The U.S Centers for Medicare & Medicaid (CMS) has released its final rule for hospice payments in Fiscal Year 2022. Major provisions include a payment rebasing, along with updates to the hospice conditions of participation (CoPs) and new quality measures.
Hospices will see a 2.0% jump in their payments for FY 2022 relative to FY 2021, a result of the 2.7% market basket increase (reduced by a 0.7% point productivity adjustment). The agency also raised the hospice payment cap to $31,297.61, up from the FY 2021 amount of $30,683.93.
The final rule did not make permanent the temporary measure introduced during the COVID-19 pandemic to allow hospices to recertify patients via telehealth rather than a face-to-face encounter.
“At this point, we are still assessing the impact of all waivers and flexibilities on beneficiaries and the delivery of health care services under the [public health emergency],” CMS indicated. “While the impact of some waiver and flexibilities may be more apparent at this time, such as the waivers related to hospice aide supervision, flexibilities associated with other aspects of care are more complex requiring additional time for a complete understanding of their impact.”
CMS did make permanent a waiver related to hospice aide competency evaluations standards. CMS is allowing hospices to use “pseudo patients,” meaning an individual who stands in the role of a patient or a computerized mannequin device, during competency tests for hospice aides, rather than requiring contact with actual patients as typically required under the CoPs.
The final rule rebases labor shares of payments for the four levels of hospice care. The proposed labor share for continuous home care is 74.6%, for routine home care is 64.7%, for inpatient respite care is 60.1%, and for general inpatient care is 62.8%.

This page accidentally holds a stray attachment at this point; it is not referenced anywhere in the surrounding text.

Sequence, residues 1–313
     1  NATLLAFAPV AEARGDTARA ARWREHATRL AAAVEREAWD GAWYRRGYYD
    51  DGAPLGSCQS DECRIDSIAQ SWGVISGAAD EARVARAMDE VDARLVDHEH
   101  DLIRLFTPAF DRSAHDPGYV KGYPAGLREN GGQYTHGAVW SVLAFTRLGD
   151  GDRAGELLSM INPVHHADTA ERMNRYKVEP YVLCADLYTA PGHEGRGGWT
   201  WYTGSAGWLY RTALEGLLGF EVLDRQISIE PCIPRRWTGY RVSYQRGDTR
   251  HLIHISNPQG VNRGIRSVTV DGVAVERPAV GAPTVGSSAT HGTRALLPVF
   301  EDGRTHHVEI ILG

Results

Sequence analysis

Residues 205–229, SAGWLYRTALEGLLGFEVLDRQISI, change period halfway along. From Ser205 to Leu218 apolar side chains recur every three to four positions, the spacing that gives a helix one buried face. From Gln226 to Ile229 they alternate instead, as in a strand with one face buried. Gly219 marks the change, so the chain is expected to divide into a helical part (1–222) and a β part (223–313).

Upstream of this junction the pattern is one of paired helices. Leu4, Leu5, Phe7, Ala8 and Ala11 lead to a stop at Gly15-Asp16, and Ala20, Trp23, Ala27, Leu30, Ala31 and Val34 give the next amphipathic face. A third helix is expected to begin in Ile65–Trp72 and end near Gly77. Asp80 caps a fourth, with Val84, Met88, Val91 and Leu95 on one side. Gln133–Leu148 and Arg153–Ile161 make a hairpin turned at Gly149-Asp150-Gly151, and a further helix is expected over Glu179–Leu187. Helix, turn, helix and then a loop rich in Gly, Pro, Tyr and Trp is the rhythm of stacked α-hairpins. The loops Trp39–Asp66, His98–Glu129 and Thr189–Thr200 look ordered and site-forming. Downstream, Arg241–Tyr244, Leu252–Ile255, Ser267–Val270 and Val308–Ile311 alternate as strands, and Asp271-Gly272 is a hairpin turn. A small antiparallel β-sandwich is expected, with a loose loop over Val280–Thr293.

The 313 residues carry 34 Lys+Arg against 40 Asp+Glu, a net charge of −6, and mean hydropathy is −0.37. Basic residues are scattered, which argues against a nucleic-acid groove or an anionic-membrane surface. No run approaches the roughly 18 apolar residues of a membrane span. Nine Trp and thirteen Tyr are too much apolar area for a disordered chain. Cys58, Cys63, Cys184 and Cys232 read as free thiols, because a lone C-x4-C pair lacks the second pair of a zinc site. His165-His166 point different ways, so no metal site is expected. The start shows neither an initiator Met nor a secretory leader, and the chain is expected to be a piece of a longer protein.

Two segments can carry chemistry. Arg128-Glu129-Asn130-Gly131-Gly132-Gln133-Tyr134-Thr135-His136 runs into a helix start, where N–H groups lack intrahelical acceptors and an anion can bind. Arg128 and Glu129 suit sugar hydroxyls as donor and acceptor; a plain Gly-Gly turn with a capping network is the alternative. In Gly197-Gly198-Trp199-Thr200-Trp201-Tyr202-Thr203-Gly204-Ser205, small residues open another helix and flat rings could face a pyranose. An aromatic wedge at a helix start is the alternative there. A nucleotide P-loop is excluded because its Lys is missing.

Hospice payment rates have a labor share and non-labor share component. Historically, the agency has based the labor share component on costs related to home health and skilled nursing facilities. The revisions will base the labor share portions of all levels of care based on Medicare cost report data for freestanding hospices.
The rule also implements a new measure in the Hospice Quality Reporting Program called the Hospice Care Index. The measure includes 10 quality indicators calculated using claims data, which represent different aspects of hospice care.
According to the final rule, hospice star ratings will be integrated into Care Compare. CMS unveiled its online Care Compare tool last September. It rolled the agency’s eight quality reporting sites into a single resource. Patients, families, referral sources and payers are increasingly paying attention to these data when selecting a hospice provider to work with.
Hospices who fail to comply with quality reporting requirements will incur a 2% point reduction to their annual payment update percentage increase for that year.
Reporter Holly Vossel contributed to this report.